To burn or not to burn. If this is your question, allow me to try to answer it by going through the laws on public and private burning and the exceptions that are allowed. With the winds that have already been quite prevalent this week, and the upcoming springtime and summer heat, we should all be aware of what is and is not allowed.

Probably the only thing worse than someone intentionally setting a fire to destroy lives, land and personal property is a fire lit with no intent but for individual use that causes the same harmful outcome. Unintentionally set fires cause much more devastation more often than arson.

There are specific laws and guidelines in place for the lawful setting of fires. We need to be aware of both state and local guidelines before even considering a burn of any type. There are many statutes on the books, so I think, for brevity, I’ll form a list, so you can save them for reference. Learn more about each one on this Texas Commission on Environmental Quality website:

Outdoor burning is generally prohibited in Texas. The exceptions are as follows:

  • Firefighter training may be authorized as an excep­tion to the prohibition on outdoor burning.
  • Burning fires outdoors is allowed, but only for recreational/ ceremonial purposes, for noncommercial food preparation, or if it is the only way to keep warm in cold weather.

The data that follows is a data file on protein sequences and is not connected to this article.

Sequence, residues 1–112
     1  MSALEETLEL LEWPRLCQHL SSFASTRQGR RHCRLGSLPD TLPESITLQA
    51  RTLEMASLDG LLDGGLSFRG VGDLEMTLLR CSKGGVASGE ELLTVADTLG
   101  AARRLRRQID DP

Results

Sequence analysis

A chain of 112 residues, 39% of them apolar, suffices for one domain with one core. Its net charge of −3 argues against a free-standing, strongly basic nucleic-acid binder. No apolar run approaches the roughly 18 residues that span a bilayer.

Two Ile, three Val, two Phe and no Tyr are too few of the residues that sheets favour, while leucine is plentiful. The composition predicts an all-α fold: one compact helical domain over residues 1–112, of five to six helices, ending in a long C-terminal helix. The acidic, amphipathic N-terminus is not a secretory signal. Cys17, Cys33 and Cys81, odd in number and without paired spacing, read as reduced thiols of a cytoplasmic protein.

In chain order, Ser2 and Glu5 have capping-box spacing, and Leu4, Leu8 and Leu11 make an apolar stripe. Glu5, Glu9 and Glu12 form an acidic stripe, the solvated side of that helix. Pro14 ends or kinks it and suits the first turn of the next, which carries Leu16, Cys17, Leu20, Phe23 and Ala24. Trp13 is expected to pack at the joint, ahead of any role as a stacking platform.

• Fires are allowed to dispose of waste or clear land — specifically domestic waste, dead animal carcasses including veterinary services, burning of waste plant growth on the site it is cleared, rural areas with prior permits, agricultural burning (crop waste), local government burning of plant waste.
  • Prescribed burns are allowed to manage land and wildlife.
  • Pipeline breaks and oil spills may be authorized to burn if to protect the public welfare.
  • For any other situations, permission must be requested to TCEQ.

Other considerations to burning are always the general public’s safety, notifying the proper local authorities, consideration of weather conditions as well as neighbors, nearby property, public roadways and airports, waterways and other environmental impacts, public assistance requirements, time of day regulations, certain material restrictions such as electrical, oil products, treated wood, plastics, explosive, toxic and chemical materials.

Finally, if there are alternative ways to dispose of the items that are better alternatives to burning, these should always be considered. These include, but are not restricted to recycling, mechanical shredding/chipping of brush and other natural environmental wastes, composting, using landfills, etc.

Again, please look up the link and read up on all of the explanations, since I couldn’t include them all. Let’s do our part to keep our lives, property, land and wildlife safe from unintentional fire disasters.

Darla Horner Menking is an outdoor enthusiast and Herald correspondent. Contact her at

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